Elgin Baylor: Sterling has mood swings, you never know what he’s going to say or do


Former Clippers executive Elgin Baylor, who once sued Donald Sterling alleging discriminatory treatment, believes NBA commissioner Adam Silver did the right thing by imposing a lifetime ban on the disgraced Clippers owner, who was caught on tape making a series of racist remarks.

“Justice has been served,” Baylor said in an interview with CNN. “Look at it that way. They know what Donald is like. The things I said before about Donald are absolutely true.”

Baylor, 79, was an 11-time All-Star during his Hall of Fame career with the Lakers. Baylor retired during the 1971-72 season, during which the Los Angeles Lakers went on to win a record 33 consecutive games and the NBA championship. During his NBA career, Baylor averaged 27.4 ppg and 13.5 rpg in 40 minutes of playing time. He appeared in 846 career games.

After retiring in 1972, Baylor briefly pursued a career in coaching. In 1986, he was hired by the Clippers as GM and he remained in that position until 2008.

The following year, Baylor sued Sterling for wrongful termination and initially accused Sterling of age and racial discrimination.

“Of course he is [a racist],” Baylor told CNN. “There’s no doubt in my mind now. At the time I thought that, and there’s no doubt now. I think he is.”

TMZ released audio of a conversation in which Sterling can be heard scolding V. Stiviano, his girlfriend, for bringing African-Americans to Clippers games and for posting photos of herself and African-Americans, including Lakers legend Magic Johnson, to her Instagram account.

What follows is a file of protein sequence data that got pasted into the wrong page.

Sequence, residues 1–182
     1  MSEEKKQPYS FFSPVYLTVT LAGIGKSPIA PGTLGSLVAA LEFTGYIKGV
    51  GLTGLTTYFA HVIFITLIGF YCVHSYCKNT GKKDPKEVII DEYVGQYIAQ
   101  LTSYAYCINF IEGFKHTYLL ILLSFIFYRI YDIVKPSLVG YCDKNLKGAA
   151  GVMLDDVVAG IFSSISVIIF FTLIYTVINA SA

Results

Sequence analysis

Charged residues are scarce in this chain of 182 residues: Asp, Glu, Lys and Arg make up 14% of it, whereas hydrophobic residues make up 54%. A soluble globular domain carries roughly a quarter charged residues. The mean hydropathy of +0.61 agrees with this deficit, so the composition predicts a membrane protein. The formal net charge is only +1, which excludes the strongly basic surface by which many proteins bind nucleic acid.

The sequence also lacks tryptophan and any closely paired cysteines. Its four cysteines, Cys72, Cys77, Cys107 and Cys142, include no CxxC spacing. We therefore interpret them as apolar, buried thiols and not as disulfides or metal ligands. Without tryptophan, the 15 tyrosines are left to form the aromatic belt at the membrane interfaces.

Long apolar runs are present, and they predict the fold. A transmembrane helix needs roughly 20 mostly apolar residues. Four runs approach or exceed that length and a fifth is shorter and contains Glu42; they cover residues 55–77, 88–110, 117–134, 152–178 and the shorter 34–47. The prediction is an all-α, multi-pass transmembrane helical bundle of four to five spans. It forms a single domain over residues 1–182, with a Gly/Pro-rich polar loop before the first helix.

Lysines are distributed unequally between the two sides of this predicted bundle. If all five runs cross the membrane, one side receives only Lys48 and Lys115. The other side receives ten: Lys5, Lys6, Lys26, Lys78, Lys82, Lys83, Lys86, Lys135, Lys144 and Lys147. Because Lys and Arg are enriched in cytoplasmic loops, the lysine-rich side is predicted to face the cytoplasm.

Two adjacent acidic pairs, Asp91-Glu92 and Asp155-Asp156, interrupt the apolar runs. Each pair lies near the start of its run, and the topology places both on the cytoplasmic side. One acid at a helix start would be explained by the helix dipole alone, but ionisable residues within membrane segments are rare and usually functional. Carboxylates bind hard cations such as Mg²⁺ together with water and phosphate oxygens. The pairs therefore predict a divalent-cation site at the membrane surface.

Silver said the NBA was able to authenticate that it was Sterling’s voice on the tape and that Sterling acknowledged that it was his voice during a league investigation.

“It just brought back memories of some of the things that were said by Donald,” Baylor said, when asked about the tapes. “It didn’t surprise me at all, no. That’s the Donald Sterling I know. He says a lot of things, different things, he has different mood swings. You never know what he’s going to say or do.”

Baylor’s lawsuit of Sterling was ultimately unsuccessful, as a jury ruled in favor of the Clippers owner in 2011. Although Baylor did drop the race-related accusations as the legal proceedings played out, his lawsuit painted a damning picture of the Clippers organization, according to the Los Angeles Times.

In the original lawsuit, Baylor said that Sterling had a “vision of a Southern plantation-type structure” for the Clippers and accused the owner of a “pervasive and ongoing racist attitude” during long-ago contract negotiations with Danny Manning.

The lawsuit also quoted Sterling as telling Manning’s agent, “I’m offering you a lot of money for a poor black kid.”

Baylor alleged Sterling said he wanted the Clippers to be “composed of ‘poor black boys from the South’ and a white head coach.”

In addition to the lifetime ban, Silver imposed a $2.5 million fine on Sterling, the maximum allowed. The NBA is also taking steps to force Sterling to sell the team.


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